Giving voice to our history

Photo by Tosh Kitagawa

A panel of Japanese-Canadians will share their firsthand experiences of losing their homes, internment and separation from their family.

Landscapes of Injustice (LoI) will present “Memories of Internment and Dispossession” on Jan. 14 in the Central Branch of the Vancouver Public Library (VPL).

Stanger-Ross, professor of history at University of Victoria and project director of LoI, explains how the project started.

“I began research of the real estate market in east end Vancouver, and had started to do some research on the forced sale of Japanese-Canadian owned property there. And, as often happens in research, that led me down avenues that I haven’t anticipated,” he says.

Conversations to engage in

The project’s first panel was held earlier this year at LoI’s Spring Institute, in Victoria, an annual conference that brings its geographically dispersed researchers together under one roof. Michael Abe, a third-generation Japanese-Canadian and project manager of LoI notes that outside of the Japanese-
Canadian community, there is little awareness of this episode of dispossession in our history.

“For some students, [the panel] was probably the most moving part of their experience at the Spring Institute. They haven’t heard the Japanese-Canadian story before and they hear firsthand from people who’ve lived through it,” he says.

Kaitlin Findlay, who is completing an MA in history at the University of Victoria, will participate in the poster session after the panel speaks. She enjoys her involvement in LoI both from an academic and personal standpoint.

“I can see my research as being part of this larger conversation about people’s families,” she says.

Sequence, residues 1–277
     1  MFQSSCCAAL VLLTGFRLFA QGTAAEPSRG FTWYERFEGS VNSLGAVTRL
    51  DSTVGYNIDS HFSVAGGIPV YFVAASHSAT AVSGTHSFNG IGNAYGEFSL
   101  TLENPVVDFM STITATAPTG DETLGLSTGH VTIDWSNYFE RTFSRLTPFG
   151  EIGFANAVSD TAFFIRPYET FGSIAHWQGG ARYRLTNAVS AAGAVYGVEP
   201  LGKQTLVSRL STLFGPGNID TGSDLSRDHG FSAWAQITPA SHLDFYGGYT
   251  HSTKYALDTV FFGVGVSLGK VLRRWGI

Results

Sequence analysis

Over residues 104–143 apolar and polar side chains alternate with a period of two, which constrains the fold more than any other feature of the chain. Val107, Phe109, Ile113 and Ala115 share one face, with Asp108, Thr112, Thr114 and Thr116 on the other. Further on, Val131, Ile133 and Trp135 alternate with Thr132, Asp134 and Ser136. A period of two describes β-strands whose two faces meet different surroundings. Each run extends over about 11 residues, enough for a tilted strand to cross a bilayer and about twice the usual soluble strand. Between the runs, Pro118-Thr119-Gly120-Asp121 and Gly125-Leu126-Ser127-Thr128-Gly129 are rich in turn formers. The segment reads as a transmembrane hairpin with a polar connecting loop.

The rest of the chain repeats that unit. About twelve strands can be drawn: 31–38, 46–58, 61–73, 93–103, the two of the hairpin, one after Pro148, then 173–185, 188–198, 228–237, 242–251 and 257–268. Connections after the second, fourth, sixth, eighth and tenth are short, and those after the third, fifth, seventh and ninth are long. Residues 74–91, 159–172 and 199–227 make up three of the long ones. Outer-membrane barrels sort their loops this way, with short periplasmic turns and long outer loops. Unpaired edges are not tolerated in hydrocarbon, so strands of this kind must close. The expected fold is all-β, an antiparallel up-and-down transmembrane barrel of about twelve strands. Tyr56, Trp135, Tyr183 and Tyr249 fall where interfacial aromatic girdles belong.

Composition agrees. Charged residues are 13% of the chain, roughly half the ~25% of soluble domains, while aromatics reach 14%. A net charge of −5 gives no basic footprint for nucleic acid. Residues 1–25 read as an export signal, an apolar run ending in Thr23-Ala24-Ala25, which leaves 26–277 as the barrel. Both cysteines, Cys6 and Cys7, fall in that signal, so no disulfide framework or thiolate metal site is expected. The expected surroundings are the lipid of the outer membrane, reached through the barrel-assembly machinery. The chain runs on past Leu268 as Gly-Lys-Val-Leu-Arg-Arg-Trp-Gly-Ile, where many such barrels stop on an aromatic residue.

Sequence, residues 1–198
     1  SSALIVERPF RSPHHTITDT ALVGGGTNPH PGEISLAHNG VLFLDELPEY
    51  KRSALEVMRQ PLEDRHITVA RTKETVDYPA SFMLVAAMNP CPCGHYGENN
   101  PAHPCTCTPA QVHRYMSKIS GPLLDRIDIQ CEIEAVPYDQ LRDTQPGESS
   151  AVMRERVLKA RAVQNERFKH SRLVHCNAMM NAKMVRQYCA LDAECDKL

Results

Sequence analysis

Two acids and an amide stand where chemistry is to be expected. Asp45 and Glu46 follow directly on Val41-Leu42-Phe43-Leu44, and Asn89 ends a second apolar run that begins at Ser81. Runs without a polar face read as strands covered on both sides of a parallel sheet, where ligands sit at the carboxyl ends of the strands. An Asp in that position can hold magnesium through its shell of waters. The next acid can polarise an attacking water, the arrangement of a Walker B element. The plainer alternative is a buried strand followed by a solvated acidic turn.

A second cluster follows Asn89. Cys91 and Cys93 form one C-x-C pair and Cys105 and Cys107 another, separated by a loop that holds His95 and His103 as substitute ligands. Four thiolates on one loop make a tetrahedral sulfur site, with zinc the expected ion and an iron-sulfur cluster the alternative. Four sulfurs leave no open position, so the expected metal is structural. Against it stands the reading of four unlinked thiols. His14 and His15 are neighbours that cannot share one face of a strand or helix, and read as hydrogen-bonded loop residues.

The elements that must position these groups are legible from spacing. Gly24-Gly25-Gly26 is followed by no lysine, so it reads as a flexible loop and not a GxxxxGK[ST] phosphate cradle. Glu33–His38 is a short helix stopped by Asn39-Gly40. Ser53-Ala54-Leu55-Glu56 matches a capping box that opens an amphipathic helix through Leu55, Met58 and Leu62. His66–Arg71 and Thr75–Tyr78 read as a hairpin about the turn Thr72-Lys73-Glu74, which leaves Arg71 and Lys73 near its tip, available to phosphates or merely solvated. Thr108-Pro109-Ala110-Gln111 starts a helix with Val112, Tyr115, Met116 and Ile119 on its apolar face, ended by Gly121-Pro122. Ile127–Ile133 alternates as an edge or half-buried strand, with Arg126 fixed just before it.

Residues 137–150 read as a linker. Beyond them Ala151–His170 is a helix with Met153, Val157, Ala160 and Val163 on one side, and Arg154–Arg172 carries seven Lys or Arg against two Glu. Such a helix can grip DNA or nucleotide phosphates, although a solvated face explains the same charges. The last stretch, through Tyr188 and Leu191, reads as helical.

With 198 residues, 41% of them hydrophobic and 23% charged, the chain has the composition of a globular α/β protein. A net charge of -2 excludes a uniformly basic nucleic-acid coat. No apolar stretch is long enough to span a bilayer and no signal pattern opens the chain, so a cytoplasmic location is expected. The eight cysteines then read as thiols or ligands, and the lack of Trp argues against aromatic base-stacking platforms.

This prompted her to create a forum that fosters conversations among research assistants.

“The forum is created to grapple with the question of what engaged scholarship and activism means,” says Findlay. “For me, it is a way to learn strategies to think about the ramifications of my work.”

Stanger-Ross believes this thoughtful approach is one way that the project furthers national dialogue.

“Culture is a noisy place with lots of other voices,” he says. “But we do want to be a genuinely contributing part of the conversation that occurs as Canadians think about the challenges of our times, this intermingling of questions around security, perceived insecurity, international migration, racial and religious differences.”

Panel at the 2016 Sprint Institute with Tosh Kitagawa, Mary Kitagawa, Art Miki and moderator Gregor Craigie of CBC Radio’s On The Island.

From research to outreach

Abe, who was recruited by Stanger-Ross as project manager, is active in several community organizations and uses his network to strengthen the project’s ties with the community. His interest in the project is also personal.

“Because of my heritage, I’m very interested in seeing some of the research that goes on, putting the links together and watching it evolve,” he says.

Funded by the Social Sciences and Humanities Research Council of Canada, most of the project’s budget goes towards employing around 25 student researchers yearly. Students generally spend two years with the project. By the end of its seven-year mandate, the project’s collective membership is expected to be sizeable.

“The project has a built-in turnover. People’s time in the project is considered an opportunity for advancing their skills,” Findlay explains.

Stanger-Ross agrees.

“I do think that we’re equipping those students to be better informed activists, to be democratic citizens, to be people who have a range of skills that would benefit the workforce. It’s the best teaching that I’ve done in the course of my career,” he says.

LoI has also produced teaching material for elementary and secondary schools, museum exhibits, newsletters and forums. In the next two years, the project will be transitioning from the research phase to the outreach phase and will increase its efforts to engage the larger Canadian community.

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